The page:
CDC: US Opioid Crisis Getting Worse - "We Have An Emergency On Our Hands"

Across the United States, government officials are struggling to combat the next wave of the opioid epidemic, which is expected to deliver a massive blow to the heartland. A new report from the Centers for Disease Control and Prevention (CDC) confirms the opioid crisis has dramatically worsened since the second half of 2016. Raw data from hospital emergency rooms show a significant increase in drug overdoses across the U.S.

In a press briefing on Tuesday, CDC Director Anne Schuchat, M.D., warned that the U.S. is currently experiencing the highest drug overdose death rates ever.

In the newly issued report, which examined data from 16 states, emergency department visits for suspected opioid overdoses jumped 30 percent from July 2016 through September 2017. In some regions of the country, overdoses were far more significant, but overall, data from most areas showed the opioid crisis is worsening, despite President Trump’s new initiative to tackle the epidemic.

“We have an emergency on our hands,” says CDC Director Anne Schuchat. “The fast-moving opioid overdose epidemic continues and is accelerating.”

According to the report, opioid overdoses increased for both genders, in all age groups, and across all regions in the U.S.

From July 2016 through September 2017, opioid overdoses increased:

  • Men (↑30%) and women (↑24%)

  • People ages 25-34 (↑ 31%), 35-54 (↑36%), and 55 and over (↑32%)

  • Most states (↑ 30% average), especially in the Midwest (↑70% average)

SOURCE: CDC’s National Syndromic Surveillance Program, 52 jurisdictions in 45 states reporting.

Opioid overdoses continued to increase in cities and towns of all types: 

  • Non-core (non-metro): 21 percent increase

  • Micropolitan (non-metro): 24 percent increase

  • Small metro: 37 percent increase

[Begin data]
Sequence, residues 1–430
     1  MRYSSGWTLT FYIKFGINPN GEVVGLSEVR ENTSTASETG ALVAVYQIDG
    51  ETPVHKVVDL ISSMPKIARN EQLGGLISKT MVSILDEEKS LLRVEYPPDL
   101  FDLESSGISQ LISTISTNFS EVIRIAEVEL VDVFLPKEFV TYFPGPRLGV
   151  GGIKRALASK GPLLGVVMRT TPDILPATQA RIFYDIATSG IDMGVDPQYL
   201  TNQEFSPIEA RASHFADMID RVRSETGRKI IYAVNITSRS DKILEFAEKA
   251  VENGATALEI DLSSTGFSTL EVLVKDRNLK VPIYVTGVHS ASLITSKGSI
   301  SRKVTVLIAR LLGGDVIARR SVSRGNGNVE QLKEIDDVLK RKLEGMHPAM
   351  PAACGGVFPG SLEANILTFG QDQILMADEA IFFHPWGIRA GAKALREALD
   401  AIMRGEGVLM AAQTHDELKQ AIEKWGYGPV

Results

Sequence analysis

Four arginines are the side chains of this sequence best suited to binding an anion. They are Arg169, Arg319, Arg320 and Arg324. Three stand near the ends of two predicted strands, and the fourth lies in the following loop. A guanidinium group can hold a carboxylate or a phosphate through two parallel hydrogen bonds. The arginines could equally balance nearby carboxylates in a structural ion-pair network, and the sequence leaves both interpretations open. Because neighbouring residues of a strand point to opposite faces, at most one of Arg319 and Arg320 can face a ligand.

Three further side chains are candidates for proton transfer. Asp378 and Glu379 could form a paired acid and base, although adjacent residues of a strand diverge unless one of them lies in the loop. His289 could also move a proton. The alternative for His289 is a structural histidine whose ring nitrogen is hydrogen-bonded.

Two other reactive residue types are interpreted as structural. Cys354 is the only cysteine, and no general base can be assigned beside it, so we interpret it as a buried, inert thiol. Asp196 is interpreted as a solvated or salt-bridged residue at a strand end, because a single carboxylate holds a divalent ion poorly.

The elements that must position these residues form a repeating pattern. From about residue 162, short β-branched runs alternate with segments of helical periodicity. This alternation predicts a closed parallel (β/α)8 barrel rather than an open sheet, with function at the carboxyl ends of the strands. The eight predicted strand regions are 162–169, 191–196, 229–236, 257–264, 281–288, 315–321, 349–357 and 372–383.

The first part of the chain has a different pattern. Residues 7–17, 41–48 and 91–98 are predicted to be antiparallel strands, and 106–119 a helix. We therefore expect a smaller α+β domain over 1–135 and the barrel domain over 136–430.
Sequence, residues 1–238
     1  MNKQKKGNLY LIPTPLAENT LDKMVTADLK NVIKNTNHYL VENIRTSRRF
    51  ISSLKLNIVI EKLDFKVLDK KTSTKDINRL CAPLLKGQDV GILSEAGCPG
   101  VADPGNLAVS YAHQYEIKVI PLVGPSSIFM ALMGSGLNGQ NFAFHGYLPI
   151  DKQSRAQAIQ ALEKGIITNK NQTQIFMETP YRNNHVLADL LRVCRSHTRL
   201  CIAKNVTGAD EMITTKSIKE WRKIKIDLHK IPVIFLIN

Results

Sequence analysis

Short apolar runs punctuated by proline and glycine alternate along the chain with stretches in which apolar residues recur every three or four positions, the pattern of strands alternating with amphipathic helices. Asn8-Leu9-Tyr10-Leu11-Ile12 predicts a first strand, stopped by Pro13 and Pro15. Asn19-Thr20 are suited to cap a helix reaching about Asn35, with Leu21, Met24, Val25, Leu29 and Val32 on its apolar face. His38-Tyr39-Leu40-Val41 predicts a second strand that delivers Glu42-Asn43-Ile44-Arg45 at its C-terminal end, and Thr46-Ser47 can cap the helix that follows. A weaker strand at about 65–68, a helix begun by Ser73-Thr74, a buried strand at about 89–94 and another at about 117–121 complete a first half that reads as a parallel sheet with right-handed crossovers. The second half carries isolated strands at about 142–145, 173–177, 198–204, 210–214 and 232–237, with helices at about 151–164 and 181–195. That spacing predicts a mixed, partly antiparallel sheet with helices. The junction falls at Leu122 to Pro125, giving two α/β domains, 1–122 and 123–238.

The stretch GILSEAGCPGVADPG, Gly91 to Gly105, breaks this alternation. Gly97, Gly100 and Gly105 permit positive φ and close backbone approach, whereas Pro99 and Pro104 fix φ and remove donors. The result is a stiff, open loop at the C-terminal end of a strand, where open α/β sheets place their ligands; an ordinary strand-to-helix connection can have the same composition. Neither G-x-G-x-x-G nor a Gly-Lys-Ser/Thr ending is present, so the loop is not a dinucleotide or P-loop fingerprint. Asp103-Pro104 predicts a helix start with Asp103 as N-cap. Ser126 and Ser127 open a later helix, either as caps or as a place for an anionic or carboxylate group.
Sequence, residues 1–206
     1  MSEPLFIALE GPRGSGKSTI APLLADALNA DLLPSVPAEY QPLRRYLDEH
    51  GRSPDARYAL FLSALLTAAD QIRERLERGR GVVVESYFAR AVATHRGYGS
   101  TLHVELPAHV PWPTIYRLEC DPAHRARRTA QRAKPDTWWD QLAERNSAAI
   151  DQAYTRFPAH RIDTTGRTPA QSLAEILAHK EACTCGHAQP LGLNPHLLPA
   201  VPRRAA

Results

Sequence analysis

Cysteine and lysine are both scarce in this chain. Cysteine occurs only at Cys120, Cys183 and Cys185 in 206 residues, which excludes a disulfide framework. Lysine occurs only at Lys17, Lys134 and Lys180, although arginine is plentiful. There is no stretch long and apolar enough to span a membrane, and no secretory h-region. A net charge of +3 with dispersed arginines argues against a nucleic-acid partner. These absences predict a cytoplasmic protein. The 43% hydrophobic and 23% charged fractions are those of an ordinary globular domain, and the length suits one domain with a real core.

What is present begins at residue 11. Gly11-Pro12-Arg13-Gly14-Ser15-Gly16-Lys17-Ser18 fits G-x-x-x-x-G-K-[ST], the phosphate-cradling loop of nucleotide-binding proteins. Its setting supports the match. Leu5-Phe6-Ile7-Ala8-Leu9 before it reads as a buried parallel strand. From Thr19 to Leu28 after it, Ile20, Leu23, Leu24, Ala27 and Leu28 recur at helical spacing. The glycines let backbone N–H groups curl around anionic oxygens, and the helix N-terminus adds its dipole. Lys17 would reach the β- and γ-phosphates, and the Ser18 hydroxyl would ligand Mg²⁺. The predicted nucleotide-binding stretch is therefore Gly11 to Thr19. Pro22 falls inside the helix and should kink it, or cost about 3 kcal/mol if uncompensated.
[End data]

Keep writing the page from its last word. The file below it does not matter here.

• Medium metro: 43 percent increase

  • Large fringe metro: 21 percent increase

  • Large central metro: 54 percent increase – Large and steady increase for large cities

SOURCE: CDC’s Enhanced State Opioid Overdose Surveillance (ESOOS) Program, 16 states reporting percent changes from July 2016 through September 2017.

Recent trends in opioid overdose emergency department (ED) visits provides a shocking view of this fast-moving epidemic: 

SOURCE: CDC’s Enhanced State Opioid Overdose Surveillance (ESOOS) Program, 16 states reporting percent changes from July 2016 through September 2017.

“Long before we receive data from death certificates, emergency department data can point to alarming increases in opioid overdoses,” Schuchat said in a statement. “This fast-moving epidemic affects both men and women, and people of every age. It does not respect state or county lines and is still increasing in every region in the United States.”

CDC provides three shocking statistics from the latest report indicating the opioid crisis is out of control: 

  • Opioid overdoses went up 30% from July 2016 through September 2017 in 52 areas in 45 states.
  • The Midwestern region witnessed opioid overdoses increase 70% from July 2016 through September 2017.
  • Opioid overdoses in large cities increased by 54% in 16 states.

CBS News believes fentanyl could be the responsible actor in the recent surge of overdoses: 

The reasons for these increases are unclear, but officials say it may have to do with changes in the drug supply, including the availability of newer, highly toxic illegal opioids such as fentanyl, which has been spreading rapidly in recent years. Fentanyl, a synthetic drug that’s 50 to 100 times stronger than morphine, is often mixed in to make heroin more potent, leading many users to OD.  

It is all downhill from here, as the opioid crisis is now affecting most generations in all regions across the United States, which could be problematic for the US economy as millennials are set to dominate the most productive age segment of the US labor market.  Even the Federal Reserve has warned about the impact of the opioid crisis on productivity and the labor market.

But then again, DARPA, Silicon Valley, and Wall Street are quietly building an army of AI robots in the shadows, waiting for the moment America’s middle-class nose dives under the weight of the opioid crisis. So far, drug overdoses have managed to plunge the US life expectancy lower for two consecutive years, the last time this occurred it was 1963 and shortly after markets tumbled.